The diagnosis of short stature is based on the definition of a height more than 2 standard deviations(SD) below the mean for chronological age and sex. This corresponds to a height of less than 2.3rd percentile. Serial measurements of height and height velocity must be done at every well-child visit and a growth chart must be monitored. For infants less than 2 years of age, the length is measured lying down. For children more than 2 years of age, standing height is measured.
History and Symptoms
The majority of patients with short stature are diagnosed by serial measurements of height.
When short stature is associated with underlying pathology, history of the following may be seen-
- Premature birth, small for gestational age
- Malnutrition- Weight loss, loss of appetite
- Crohn's disease- Diarrhea, weight loss, rectal bleeding
- Immunodeficiency syndromes or cystic fibrosis- recurrent infections
- Hypothyroidism- Cold intolerance, weight gain, dry skin, constipation
- Cushing's syndrome- thin skin, striae, central obesity
- Asthma- chronic cough
- Chronic systemic illness
- Use of glucocorticoids
- Learning disability in developmental disorders
Patients with short stature usually appear normal. If associated with underlying conditions, other features related to the underlying disease may be seen. The following features must be noted on physical examination- 
- Length or height plotted on a growth chart corresponding to age and sex
- Weight and weight-for-age
- Height velocity- measured in cm/year by calculating the difference in height with a time difference of at least 6 months
- Midparental height- Represents the potential or genetic target height 
- Boys- (father's height + mother's height + 13 cm)/2
- Girls- (father's height + mother's height − 13 cm)/2
- Bone age
- Adult height prediction
Other features suspicious of pathological causes of short stature may be associated with-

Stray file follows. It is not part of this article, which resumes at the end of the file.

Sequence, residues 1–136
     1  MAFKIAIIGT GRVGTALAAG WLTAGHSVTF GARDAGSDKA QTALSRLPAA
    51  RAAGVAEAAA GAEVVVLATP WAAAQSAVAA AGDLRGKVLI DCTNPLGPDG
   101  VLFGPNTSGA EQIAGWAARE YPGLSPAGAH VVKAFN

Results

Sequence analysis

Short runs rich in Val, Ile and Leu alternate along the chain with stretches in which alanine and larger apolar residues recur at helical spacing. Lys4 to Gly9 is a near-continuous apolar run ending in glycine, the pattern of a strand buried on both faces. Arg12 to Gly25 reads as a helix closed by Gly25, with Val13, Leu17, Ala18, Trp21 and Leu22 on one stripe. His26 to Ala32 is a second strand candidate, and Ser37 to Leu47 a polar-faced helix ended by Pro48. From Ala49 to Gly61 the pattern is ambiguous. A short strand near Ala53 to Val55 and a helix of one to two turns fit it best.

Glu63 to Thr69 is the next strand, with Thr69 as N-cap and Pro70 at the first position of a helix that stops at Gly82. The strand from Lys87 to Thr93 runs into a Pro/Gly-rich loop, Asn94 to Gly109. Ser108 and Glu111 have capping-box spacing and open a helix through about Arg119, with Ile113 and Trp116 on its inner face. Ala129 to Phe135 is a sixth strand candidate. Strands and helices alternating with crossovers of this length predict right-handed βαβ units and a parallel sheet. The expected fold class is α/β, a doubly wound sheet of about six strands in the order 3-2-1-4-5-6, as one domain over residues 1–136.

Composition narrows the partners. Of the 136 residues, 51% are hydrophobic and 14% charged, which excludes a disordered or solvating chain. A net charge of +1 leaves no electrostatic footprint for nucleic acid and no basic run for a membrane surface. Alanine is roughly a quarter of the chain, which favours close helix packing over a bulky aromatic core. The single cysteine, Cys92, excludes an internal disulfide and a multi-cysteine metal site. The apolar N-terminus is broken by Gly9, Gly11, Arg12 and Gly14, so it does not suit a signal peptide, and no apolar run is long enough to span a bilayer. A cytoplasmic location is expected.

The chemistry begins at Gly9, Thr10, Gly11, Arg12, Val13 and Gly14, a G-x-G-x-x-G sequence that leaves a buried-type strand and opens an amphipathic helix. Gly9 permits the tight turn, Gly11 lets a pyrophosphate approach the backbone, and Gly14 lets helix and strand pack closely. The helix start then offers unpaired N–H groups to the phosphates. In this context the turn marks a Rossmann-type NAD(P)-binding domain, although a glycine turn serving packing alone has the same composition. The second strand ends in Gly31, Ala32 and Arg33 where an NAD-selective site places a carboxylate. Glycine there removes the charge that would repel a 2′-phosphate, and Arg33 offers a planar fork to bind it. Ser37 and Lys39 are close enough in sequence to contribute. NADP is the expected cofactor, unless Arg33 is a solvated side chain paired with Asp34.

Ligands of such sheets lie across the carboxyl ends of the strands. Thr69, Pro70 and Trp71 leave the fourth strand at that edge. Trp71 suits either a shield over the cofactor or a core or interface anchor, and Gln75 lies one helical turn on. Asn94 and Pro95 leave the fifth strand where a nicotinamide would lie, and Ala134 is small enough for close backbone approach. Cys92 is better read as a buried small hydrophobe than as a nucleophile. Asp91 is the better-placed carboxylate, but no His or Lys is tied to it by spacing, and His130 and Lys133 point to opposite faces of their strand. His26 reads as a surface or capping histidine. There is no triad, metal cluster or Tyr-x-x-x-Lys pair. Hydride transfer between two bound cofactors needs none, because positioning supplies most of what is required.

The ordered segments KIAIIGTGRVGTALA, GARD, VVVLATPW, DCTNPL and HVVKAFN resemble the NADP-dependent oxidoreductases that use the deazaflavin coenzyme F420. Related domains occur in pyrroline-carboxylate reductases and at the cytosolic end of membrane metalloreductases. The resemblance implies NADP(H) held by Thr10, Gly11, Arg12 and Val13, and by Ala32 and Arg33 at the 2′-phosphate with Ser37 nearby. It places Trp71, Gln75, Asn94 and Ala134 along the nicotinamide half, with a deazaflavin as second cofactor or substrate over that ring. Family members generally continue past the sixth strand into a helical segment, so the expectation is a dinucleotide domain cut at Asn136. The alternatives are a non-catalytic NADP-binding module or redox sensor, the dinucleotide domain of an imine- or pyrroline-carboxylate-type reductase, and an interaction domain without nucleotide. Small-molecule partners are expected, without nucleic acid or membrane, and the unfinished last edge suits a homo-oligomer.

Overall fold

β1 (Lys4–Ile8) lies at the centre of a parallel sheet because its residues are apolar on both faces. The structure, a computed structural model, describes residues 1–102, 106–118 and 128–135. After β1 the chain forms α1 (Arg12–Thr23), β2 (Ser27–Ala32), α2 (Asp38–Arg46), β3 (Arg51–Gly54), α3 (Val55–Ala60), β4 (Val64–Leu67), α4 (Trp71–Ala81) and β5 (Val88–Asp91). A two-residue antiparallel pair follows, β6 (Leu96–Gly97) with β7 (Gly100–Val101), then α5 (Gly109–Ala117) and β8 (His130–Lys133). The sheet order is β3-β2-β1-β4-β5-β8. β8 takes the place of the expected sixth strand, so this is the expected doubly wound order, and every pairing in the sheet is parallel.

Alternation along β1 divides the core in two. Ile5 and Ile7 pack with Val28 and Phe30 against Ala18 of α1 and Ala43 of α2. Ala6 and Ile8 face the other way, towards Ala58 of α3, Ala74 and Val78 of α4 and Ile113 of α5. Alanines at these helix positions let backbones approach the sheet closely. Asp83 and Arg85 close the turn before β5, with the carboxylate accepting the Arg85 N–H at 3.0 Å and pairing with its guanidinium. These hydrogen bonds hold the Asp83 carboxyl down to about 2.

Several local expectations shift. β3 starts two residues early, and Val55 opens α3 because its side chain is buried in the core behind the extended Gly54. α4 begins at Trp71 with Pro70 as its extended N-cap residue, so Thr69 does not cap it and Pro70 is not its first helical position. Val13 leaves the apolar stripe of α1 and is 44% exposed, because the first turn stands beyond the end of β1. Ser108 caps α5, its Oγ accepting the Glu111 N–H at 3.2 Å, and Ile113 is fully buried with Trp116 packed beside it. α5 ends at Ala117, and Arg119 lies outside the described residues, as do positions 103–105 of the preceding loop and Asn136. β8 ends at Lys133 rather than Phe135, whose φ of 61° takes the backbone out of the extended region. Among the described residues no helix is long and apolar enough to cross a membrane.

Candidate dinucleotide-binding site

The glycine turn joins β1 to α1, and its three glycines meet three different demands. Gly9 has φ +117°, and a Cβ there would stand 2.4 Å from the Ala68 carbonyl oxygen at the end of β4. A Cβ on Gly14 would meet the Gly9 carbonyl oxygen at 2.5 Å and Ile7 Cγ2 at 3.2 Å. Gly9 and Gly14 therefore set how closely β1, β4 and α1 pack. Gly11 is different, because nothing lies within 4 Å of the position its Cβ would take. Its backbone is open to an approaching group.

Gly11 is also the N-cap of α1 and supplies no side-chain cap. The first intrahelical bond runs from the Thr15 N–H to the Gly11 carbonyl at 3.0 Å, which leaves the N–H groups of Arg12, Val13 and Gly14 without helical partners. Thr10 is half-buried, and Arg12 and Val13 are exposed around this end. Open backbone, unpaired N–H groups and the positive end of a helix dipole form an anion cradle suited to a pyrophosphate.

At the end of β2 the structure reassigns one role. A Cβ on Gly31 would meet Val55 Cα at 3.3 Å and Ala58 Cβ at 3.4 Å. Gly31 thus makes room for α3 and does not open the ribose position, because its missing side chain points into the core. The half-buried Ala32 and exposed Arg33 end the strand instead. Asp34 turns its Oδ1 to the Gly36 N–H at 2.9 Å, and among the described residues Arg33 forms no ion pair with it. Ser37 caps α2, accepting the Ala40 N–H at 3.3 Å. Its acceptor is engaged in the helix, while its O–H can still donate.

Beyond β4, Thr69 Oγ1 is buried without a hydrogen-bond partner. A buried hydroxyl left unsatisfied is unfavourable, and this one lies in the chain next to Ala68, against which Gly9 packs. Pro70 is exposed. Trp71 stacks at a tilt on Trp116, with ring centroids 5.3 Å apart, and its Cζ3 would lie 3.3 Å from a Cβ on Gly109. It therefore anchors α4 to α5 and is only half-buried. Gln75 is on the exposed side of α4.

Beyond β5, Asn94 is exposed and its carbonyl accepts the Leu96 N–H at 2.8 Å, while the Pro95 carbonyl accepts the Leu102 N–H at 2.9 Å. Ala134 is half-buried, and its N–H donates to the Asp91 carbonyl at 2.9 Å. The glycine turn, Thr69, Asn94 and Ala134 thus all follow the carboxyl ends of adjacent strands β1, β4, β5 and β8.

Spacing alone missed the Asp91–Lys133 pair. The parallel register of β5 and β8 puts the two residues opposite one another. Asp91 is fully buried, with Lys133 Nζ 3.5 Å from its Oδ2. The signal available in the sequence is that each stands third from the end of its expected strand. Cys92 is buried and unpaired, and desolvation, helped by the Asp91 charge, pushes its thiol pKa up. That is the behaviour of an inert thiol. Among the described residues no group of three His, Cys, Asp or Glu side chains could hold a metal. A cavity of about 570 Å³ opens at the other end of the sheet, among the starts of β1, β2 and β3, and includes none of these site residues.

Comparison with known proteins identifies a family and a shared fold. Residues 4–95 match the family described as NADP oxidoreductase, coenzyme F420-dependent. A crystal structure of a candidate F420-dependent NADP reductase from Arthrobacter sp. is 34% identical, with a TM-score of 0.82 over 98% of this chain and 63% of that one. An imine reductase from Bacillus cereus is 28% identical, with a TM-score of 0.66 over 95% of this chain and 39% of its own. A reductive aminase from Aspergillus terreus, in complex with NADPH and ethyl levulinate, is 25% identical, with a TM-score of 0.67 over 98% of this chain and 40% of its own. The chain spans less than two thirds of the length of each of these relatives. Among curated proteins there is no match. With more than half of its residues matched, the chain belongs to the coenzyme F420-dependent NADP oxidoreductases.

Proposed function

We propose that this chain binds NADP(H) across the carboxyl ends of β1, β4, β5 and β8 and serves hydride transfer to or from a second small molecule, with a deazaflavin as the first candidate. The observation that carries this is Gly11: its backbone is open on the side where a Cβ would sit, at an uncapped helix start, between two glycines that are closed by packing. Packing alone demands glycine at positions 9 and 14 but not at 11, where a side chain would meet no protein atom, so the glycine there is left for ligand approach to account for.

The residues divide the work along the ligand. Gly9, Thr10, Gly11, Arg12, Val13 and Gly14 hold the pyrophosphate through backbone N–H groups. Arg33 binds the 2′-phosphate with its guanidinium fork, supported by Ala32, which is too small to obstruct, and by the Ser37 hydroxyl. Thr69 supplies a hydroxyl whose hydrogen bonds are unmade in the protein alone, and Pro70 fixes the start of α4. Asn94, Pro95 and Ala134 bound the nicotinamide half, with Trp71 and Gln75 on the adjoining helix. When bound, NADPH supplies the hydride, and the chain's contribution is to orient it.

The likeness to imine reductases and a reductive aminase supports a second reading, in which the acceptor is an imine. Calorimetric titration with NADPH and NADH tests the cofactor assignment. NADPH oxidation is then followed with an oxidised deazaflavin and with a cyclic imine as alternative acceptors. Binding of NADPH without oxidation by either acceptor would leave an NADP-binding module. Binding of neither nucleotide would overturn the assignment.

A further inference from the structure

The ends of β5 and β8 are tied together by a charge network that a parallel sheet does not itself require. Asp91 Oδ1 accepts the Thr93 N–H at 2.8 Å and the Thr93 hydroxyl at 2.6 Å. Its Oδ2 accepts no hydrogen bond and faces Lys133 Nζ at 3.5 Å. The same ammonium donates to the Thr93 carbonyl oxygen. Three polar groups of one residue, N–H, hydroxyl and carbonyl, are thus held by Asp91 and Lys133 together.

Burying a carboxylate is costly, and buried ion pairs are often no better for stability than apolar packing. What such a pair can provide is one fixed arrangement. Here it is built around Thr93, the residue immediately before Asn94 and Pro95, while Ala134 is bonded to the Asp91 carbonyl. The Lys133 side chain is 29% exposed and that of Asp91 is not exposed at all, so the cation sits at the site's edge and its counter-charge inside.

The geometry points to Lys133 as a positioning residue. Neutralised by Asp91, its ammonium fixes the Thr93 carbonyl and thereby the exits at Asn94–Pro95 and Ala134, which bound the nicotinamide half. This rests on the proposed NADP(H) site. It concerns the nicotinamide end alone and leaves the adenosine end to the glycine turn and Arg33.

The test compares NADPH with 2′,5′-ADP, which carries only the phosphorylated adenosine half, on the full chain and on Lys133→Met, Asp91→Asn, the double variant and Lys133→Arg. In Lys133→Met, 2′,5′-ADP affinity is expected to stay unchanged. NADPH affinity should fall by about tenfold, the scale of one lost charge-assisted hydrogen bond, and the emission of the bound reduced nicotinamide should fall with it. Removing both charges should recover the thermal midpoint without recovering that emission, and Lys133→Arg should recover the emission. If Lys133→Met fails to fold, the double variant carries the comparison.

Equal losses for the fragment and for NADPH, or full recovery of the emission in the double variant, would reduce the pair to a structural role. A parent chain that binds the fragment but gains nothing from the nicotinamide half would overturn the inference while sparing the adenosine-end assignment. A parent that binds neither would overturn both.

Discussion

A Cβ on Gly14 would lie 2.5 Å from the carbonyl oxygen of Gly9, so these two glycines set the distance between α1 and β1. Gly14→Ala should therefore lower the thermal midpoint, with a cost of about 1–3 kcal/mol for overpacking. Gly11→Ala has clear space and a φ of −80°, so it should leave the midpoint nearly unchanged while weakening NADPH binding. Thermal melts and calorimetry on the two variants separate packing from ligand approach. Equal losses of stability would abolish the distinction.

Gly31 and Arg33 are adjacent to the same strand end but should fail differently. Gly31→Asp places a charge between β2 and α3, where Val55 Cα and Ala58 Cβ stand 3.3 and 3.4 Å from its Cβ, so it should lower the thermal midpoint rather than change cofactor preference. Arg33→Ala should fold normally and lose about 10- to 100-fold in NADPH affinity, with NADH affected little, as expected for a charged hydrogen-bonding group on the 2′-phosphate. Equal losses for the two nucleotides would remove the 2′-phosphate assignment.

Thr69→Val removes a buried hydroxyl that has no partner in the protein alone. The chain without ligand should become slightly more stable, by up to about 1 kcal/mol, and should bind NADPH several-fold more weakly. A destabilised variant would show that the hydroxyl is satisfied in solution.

- Turner syndrome- webbed neck, low-set ears
- Celiac disease- oral ulcers, anal tags
- Cystic fibrosis- weight loss
- Growth hormone deficiency- Low growth hormone; growth hormone provocative/stimualtion tests
- Low insulin-like growth factor 1 (IGF-1)
- Low thyroid hormone, high TSH- Hypothyroidism
- Immunoglobulin measurement- immunodeficiencies
- Positive IgA anti-tissue transglutaminase- Celiac disease
Echocardiography or Ultrasound
There are no CT scan findings associated with short stature.
There are no MRI findings associated with short stature. An MRI may be useful when short stature is associated with growth hormone deficiency. Suggestive findings include absence of the anterior pituitary gland (empty sella), an ectopic posterior pituitary gland, and hypoplasia of the pituitary gland.  
Other Imaging Findings
There are no other imaging findings associated with short stature.
Other Diagnostic Studies
There are no other diagnostic studies associated with short stature.
- Recombinant human Growth hormone (rhGH)- Initial dosing and adjustments are based on weight, body surface area, growth response, and increase in height velocity.
- Dose- Starting recommended dose is 25 μg/kg/day up to 43 µg/kg/day
- Regular assessment with growth velocity and IGF-1 levels must be done every 6-12 months.
- Inadequate response 
- Height velocity <2 cm/year
- Change in height velocity with a standard deviation of less than <0.3/year during the first 6–12 months of therapy
Other pharmacologic medical therapies for other causes of short stature include- 
Patients with an underlying disorder resulting in short stature should be treated for the disorder.
Surgical intervention is not recommended for the management of short stature.
There are no established measures for the secondary prevention of short stature.